This week, we found out that Google’s AI Can Predict When A Patient Will Die. Super creepy, right? Looking past the unnerving idea that technology could predict someone’s death, you realize that what’s happening with Google’s AI will actually positively contribute to human life. In a pilot program, researchers fed volumes of electronic health record data into a deep learning network. What they found was a surprisingly accurate picture of future outcomes. According to Futurism, “What can we do with this information, besides fear the inevitable? Hospitals could find new ways to prioritize patient care, adjust treatment plans, and catch medical emergencies before they even occur. It could also free up healthcare workers, who would no longer have to manipulate the data into a standardized, legible format.”
So, besides generating clickable, sci-fi inspired headlines, what can AI in healthcare do? In our third entry in the AI series, Money Evolved: AI and the Financial Industry, we addressed how artificial intelligence (AI) is shifting financial services to make personal finance even more personal. But AI in healthcare has set the stage to result in even more human influence and impact. That’s because we all touch and are touched by the healthcare system in our everyday lives, providing us with hope, healing and health. While AI’s impact on diagnosing, treating and managing illnesses may yet be its greatest benefit to humanity, since we are not trained medical doctors, technicians or researchers, we’ll stick to our area of expertise and evaluate AI from the lens of patient experience and healthcare delivery.
While not as flashy as, say, robotic surgery, AI – when applied to the backend process in healthcare settings – could result in dramatic efficiencies. In fact, Accenture estimates AI saving the U.S. healthcare industry as much as $150 billion annually by 2026. Those savings are not necessarily because computers are directly replacing human labor – like a robot doctor or virtual nurse – but, rather, taking the place of a human practitioner. AI is allowing human doctors and nurses to spend less time on the rote, lower-functioning responsibilities of their roles and more time on the higher-functioning responsibilities. What that means in practice, for example, is that doctors don’t have to memorize as much information or sift through reams of data to get to the relevant material that will make a difference for their patient case.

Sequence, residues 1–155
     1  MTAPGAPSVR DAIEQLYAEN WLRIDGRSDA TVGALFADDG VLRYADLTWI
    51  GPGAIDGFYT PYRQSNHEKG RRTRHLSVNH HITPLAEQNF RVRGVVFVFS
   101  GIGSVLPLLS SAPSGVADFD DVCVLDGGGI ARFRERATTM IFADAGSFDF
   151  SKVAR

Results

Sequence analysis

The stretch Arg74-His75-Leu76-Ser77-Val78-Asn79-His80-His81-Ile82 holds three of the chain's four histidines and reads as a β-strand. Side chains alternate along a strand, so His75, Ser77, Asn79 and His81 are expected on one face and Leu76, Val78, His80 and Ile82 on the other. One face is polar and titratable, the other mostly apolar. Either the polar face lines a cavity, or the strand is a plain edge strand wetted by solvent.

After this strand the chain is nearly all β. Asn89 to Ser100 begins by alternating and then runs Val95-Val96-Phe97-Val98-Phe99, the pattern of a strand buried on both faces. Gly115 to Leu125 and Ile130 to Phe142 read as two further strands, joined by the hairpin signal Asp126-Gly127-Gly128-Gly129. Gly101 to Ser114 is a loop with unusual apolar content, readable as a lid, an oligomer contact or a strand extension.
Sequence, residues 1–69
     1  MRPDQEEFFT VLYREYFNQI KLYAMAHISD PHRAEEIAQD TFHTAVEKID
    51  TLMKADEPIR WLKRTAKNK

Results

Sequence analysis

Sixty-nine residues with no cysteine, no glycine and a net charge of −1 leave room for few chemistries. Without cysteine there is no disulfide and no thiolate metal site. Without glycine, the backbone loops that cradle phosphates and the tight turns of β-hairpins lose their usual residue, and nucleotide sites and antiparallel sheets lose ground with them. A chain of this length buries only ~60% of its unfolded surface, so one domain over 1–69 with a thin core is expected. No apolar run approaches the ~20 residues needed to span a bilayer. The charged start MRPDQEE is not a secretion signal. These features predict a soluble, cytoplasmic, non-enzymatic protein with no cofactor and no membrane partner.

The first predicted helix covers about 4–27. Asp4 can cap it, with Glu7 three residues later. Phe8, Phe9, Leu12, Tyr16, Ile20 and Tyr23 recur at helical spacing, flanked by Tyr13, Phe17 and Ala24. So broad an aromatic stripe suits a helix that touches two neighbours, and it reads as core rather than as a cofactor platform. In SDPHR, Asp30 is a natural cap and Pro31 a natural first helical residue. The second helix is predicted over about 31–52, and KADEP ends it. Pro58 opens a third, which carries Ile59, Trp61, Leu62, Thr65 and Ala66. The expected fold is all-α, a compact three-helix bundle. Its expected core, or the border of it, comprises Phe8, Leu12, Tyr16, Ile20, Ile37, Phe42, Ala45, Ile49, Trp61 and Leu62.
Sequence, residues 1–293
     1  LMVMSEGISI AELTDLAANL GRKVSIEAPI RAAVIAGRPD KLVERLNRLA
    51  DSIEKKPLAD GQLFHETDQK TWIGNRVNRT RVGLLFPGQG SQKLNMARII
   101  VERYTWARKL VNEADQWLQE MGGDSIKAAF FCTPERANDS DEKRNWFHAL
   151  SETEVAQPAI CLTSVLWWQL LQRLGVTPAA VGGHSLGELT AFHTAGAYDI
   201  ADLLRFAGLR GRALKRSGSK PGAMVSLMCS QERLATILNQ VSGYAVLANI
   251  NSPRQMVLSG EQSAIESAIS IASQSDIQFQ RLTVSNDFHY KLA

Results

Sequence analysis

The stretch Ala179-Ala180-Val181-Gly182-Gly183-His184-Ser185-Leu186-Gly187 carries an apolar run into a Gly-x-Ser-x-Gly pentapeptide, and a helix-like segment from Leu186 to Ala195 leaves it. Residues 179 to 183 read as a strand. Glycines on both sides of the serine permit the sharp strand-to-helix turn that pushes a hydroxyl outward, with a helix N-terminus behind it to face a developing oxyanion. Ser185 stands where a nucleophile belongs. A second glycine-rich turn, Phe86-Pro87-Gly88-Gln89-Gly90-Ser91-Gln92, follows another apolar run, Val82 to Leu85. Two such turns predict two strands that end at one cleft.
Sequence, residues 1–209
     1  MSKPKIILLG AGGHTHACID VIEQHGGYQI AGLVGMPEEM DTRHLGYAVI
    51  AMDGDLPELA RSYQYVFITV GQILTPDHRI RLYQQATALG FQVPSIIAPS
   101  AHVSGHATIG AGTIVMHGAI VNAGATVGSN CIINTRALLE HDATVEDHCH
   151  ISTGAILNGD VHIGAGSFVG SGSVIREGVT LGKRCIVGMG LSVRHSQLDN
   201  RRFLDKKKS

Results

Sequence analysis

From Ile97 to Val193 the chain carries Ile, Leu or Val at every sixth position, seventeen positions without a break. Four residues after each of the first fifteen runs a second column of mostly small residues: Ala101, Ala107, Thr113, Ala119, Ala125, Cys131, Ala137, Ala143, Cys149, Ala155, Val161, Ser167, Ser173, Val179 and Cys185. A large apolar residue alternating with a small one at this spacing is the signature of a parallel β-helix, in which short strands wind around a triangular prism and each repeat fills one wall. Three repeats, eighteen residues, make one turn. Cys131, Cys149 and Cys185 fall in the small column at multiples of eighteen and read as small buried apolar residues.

This is healthcare’s version of automating the predictable aspects of business that we touched on in March. Given the endless stream of information, doctors can barely keep up with the latest medical literature. Now, programmed algorithms can scan relevant medical journals and organize, collate and filter the information rather than having to go digging for it. In the seminal work, Man-Computer Symbiosis, J.C.R. Licklider says, “About 85% of my ‘thinking’ time was spent getting into a position … to learn something I needed to know. Much more time went into finding or obtaining information than into digesting it … Several hours of calculating were required to get the data into comparable form. When they were in comparable form, it took only a few seconds to determine what I needed to know.”
Using AI allows physicians and nurses to strengthen their decision-making process by facilitating access to information. With AI, medical personnel spend far less time trying to find pertinent information and more time absorbing it, resulting in better informed practitioners who can spend more time on direct patient care. This will inevitably improve the practice of healthcare for the patient. That same type of efficiency can also be deployed for reading scans or test results. One study using AI to automatically scan lung radiographs of lung nodules resulted in speeds between 62% to 97% faster than a panel of technicians with the same accuracy rate. That means technicians can spend more time on more difficult cases rather than occupied with the volume of scans to complete.